The "Seú" Celebration on Curaçao
If you’re planning to visit Curaçao in the month of April or beginning of May, and are looking for things to do, then there is no better option than experiencing the national “Seú” parade. After Carnival, Seú is probably the largest cultural manifestation on the island and it’s a celebration that’s deeply rooted in the history of Curaçao and its population.
But what does “Seú” mean, and how did this celebration come to exist? Let’s go back in time and find an answer to these questions.
The word “Seú”
The word “Seú” can be traced back to Western Africa, specifically to the country Guinea-Bissau. In the Creole language of this country, “Seú” means sky. The sky plays a key role in the celebration of Seú, as it is seen as the home of God, and God is worshipped and thanked for the harvest of each year. There is also an African song dedicated to an African God named “Zeula”. In the song, Zeula is thanked for providing the necessary crops for nutrition.
The foundation of “Seú”
Besides the gratitude offered to the sky and God, the foundation of this celebration lies in the strong believe in mankind’s connection with nature. Seú entails the process of planting, taking care of, and harvesting the crops each year. Therefore, you could say that “Seú” is an agricultural celebration, with clear religious and spiritual aspects. In this sense, the worshipers of “Seú” also believe in the connection with spirits that protect the earth. Earth itself is seemed as sacred, as life is created and preserved through earth. Working on the earth surpasses a form of labor. Rather, it is a ritual that needs to be followed with a lot of care, as it is believed that the success of the harvest is entirely dependent on the way that worshipers treat the earth and the earth spirits.
To guarantee a proper use of the earth, and ensure its fertility, the plantation workers sing on the earth and ask the spirits for strength to cultivate the earth without difficulties. Such singing ceremonies always precede the act of planting. In these ceremonies, the rain also plays an important role, and that’s why before the planting season, plantation workers would typically have ceremonies in which they would play the drums, as it is believed that the continuous deep and resonant rumble of the drums attracts the rain.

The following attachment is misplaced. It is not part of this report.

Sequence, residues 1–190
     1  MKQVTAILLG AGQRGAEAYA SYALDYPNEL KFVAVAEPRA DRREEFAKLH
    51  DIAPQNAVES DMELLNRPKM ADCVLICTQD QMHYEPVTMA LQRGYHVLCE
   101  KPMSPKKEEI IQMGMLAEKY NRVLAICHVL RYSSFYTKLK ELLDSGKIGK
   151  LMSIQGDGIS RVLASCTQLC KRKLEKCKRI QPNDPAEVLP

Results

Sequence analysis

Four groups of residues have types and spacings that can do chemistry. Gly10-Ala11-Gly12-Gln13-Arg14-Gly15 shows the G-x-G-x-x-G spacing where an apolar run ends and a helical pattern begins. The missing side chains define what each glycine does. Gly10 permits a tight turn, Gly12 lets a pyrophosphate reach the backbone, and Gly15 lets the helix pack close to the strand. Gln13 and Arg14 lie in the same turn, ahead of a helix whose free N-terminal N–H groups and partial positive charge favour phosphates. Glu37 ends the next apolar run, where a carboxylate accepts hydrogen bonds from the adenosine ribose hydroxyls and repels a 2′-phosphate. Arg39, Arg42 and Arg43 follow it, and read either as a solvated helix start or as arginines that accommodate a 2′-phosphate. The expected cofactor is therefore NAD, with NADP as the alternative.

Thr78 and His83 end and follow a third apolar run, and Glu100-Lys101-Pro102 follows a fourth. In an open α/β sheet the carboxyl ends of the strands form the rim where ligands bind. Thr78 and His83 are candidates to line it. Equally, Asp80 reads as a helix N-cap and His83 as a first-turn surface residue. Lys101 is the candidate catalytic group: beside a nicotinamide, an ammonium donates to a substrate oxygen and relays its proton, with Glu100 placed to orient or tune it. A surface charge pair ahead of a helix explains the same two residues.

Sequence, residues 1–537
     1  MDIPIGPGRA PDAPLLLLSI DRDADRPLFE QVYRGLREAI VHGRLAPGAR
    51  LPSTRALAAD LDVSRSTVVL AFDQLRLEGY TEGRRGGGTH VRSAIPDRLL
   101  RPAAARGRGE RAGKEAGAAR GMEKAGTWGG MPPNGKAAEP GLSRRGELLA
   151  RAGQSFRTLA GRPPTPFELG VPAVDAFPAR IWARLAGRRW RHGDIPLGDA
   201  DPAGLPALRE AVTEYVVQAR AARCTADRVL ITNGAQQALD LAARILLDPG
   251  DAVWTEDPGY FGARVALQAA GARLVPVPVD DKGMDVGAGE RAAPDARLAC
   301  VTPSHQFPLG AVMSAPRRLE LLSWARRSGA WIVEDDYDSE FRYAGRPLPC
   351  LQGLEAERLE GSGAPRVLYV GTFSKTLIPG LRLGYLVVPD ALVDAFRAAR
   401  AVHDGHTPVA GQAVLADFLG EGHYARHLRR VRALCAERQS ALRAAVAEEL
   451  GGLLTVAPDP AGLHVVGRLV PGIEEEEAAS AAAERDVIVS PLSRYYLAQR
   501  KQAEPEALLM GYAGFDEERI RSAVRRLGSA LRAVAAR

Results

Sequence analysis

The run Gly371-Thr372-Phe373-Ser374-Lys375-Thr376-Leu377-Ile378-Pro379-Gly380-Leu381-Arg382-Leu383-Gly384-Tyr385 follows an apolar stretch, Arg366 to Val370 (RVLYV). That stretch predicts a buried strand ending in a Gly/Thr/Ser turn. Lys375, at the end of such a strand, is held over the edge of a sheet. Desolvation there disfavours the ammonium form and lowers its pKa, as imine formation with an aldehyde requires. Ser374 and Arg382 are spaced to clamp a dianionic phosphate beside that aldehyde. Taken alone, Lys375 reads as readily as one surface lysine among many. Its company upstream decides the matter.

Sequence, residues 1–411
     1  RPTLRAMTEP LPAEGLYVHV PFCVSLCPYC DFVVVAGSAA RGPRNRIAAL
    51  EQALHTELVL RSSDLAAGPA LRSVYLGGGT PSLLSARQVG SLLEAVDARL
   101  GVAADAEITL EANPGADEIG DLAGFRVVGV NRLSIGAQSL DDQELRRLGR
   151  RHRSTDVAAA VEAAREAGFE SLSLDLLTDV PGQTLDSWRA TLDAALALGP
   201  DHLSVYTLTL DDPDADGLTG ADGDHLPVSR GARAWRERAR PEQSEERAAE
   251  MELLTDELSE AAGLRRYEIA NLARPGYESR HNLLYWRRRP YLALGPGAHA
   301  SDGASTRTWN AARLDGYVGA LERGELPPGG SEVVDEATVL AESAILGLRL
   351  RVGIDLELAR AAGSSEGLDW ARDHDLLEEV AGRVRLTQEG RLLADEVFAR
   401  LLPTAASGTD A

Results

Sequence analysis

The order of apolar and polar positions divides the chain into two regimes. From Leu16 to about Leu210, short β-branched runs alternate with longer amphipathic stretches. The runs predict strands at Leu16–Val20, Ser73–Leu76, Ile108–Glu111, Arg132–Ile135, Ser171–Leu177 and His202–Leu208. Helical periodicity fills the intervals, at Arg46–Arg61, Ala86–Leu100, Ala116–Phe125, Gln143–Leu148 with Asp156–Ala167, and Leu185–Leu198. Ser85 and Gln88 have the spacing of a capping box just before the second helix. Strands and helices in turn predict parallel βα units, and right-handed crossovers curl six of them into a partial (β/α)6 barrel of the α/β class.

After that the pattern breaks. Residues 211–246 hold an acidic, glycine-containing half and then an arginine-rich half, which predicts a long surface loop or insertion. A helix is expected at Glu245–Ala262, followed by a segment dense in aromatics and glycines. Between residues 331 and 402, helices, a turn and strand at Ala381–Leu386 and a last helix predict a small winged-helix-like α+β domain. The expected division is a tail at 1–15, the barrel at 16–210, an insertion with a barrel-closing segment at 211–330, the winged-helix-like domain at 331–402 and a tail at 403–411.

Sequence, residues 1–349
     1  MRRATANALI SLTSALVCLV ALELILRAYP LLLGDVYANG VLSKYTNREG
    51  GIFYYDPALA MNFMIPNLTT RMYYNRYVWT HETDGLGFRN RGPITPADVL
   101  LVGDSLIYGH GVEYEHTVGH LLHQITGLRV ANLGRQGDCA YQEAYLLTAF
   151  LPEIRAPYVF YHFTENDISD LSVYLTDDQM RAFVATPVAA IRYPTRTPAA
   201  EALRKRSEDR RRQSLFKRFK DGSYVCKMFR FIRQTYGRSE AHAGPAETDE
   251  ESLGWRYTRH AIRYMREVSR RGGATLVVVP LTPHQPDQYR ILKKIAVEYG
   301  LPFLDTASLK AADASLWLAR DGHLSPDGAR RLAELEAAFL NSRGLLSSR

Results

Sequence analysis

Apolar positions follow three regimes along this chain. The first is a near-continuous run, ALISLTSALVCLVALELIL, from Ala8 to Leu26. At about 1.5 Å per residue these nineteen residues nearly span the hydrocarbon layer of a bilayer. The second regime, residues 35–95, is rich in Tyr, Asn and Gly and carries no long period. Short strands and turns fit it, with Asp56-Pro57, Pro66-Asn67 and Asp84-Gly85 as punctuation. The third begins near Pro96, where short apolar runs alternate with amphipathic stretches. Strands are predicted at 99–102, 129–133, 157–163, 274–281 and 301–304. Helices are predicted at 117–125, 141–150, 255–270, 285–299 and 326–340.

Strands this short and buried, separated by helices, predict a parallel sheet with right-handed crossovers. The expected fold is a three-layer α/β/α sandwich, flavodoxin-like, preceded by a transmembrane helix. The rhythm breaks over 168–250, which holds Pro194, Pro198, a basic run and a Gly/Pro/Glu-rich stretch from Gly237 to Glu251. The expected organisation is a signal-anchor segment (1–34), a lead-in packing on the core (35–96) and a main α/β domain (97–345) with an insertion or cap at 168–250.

Once these ceremonies have taken place, the planting process can start. The first step is always to ask the spirits for permission to “drecha tera” (fix the earth) to let the earth be renewed and have the necessary strength to carry and grow new seeds. Once the seeds have been planted, the process of “kuida tera” (take care of the earth) takes place until the harvest season.
During this period, the values of Seú guide the process of taking care of the earth. These values are: coexistence, cooperation, gratitude, unity and veneration of God. Only by following these values, the community believes that they can achieve the objective of Seú: to thank God for the crops.
The very last part is therefore what is known as “Seú”, which is basically a replication of the beginning. The spirits and God are thanked for allowing the earth to produce the crops by.
Modern day celebration
Nowadays the Seú of Curaçao has transformed into a national festivity. It is a cultural manifestation that takes place on the streets, in the form of a parade. But unlike Carnival, where all parade groups have a unique theme, in Seú, all groups maintain the essence of the origin of this agricultural celebration in their costumes and look up to the sky to celebrate the harvest of each year.
In 2020, the “Gran Marcha di Seú” (Grand Seú Parade) will take place on Monday the 13th of April, and the “Marcha Seú Banda Bou” (Banda Bou Seú Parade) on Sunday the 26th.